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Yes, it's good possibility that if you don't purposefully depressurize the lines first, you will get spray. But this is easy to do. Turn off the cold water supply to the house. Then open the hot and cold taps in a sink somewhere. When the water stops flowing, you're good. If you want to be really safe, you could drain a little bit of water out of the tank ...


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I found the source of the problem, and thought I'd post the answer in case anyone is having the same issue. I needed to turn up the temperature on the hot water tank. For some reason, when I have the temperature set to 108, the kitchen faucet doesn't trigger the tank to kick on. When I set the temperature to 120, the problem was resolved.


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Concentric PVC is a thing. I like concentric pipes because they only require a single penetration rather than two. Honestly, any of your options should be fine for a high-efficiency gas appliance and a three foot pipe run. The exhaust temperature of condensing, high-efficiency gas appliances is pretty low, which is why PVC is an option. PVC might be expected ...


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For exterior applications, fiberglass faced gypsum board is commonly used. Fiberglass, unlike paper, is resistant to mold growth and ordinarily does not deteriorate when exposed to moisture. For protected locations such as an exterior shed, this is almost certainly adequate as is indicated by the service life of the current installation. Fiberglass faced ...


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Cement board, tile backer board - or use the exterior siding flavor of "otherwise pretty much the same product"


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Model the water heater as a continuously stirred tank reactor (CSTR), so it is always at a uniform temperature. Assume the recovery time is not dependent on temperature and completely accounts for insulation losses and the like. Neglect losses in pipes and assume the operator controls the shower temperature to 105°F perfectly. Taking the stopping criterion ...


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Sounds like you need to replace the mixing valve. This is a simple part to replace. This usually involves removing the handle and possibly the trim, then removing a retaining clip, and the pulling out the cartridge. Buy a new one and reverse the process. Here's a good set of instructions for Moen valves: ...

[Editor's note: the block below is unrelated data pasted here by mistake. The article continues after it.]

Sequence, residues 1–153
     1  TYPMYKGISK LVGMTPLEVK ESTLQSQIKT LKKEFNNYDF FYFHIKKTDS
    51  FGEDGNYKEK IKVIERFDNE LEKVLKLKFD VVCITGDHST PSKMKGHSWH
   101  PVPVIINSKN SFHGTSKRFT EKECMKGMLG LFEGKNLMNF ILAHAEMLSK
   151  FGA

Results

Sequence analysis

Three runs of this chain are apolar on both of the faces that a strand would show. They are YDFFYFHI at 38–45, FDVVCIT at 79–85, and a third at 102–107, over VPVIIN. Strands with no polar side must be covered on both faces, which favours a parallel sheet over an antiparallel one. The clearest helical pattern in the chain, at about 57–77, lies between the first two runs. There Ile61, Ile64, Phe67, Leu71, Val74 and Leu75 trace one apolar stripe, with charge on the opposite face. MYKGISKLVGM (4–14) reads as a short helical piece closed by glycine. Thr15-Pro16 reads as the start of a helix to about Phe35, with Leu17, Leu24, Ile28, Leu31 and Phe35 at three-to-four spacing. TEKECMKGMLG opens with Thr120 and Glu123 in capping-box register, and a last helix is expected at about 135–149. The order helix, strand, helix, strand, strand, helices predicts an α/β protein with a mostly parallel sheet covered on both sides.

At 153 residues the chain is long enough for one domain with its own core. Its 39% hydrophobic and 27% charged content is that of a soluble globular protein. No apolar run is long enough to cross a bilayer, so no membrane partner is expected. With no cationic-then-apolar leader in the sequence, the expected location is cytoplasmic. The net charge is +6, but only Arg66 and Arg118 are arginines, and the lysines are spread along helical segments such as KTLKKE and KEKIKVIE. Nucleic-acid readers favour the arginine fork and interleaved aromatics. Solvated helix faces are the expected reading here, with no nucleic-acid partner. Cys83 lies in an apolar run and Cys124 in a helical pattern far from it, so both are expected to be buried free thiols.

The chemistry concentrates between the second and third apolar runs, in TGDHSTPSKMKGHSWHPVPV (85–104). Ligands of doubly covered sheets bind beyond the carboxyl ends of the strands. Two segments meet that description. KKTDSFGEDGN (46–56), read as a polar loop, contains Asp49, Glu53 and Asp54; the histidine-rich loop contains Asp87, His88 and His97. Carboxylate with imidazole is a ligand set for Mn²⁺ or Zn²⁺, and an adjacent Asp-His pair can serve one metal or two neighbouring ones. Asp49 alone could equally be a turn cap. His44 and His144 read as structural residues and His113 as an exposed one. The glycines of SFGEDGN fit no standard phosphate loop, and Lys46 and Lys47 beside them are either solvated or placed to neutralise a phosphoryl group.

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No harm in turning it off. It was off before it was ever shipped to you! If there is a risk of the ambient temperature dropping below freezing, you might consider draining the tank and the rest of your pipes. If you've never drained the tank, you might as well use this as an excuse to do so. Periodically flushing the tank is part of standard maintenance ...


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It's not a bad idea to turn off the gas while you work on your water system as the water level inside the tank may become unacceptably low, or pressures to high if you shut all the valves off; triggering the T&P relief valve. You must turn off the gas or power if you have to drain the entire system and the tank.


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You will need a so let for the older models, or if your anode is recessed under a cap. We're draining and replacing the anode now, so we will soon know if that's the issue.


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Okay, I needed to replace some damaged caulking in this shower stall, and this smell disappeared right after. I'm thinking some mold (or mildew, or any other fun guys that like to grow in shower stalls) gave off this smell when heated. As to why this needed re-caulking: I turn the shower to "hot" and turn it away from the shower stall door, towards the ...


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Background on UK practice In most detached houses in the UK, the hot water tank is primarily heated by hot-water from a gas or oil-fired boiler that also supplies heat to radiators for room heating. The boiler installation has it's own timer to control room-heating and hot-water. The electric immersion heater in the hot-water tank is only a backup system ...



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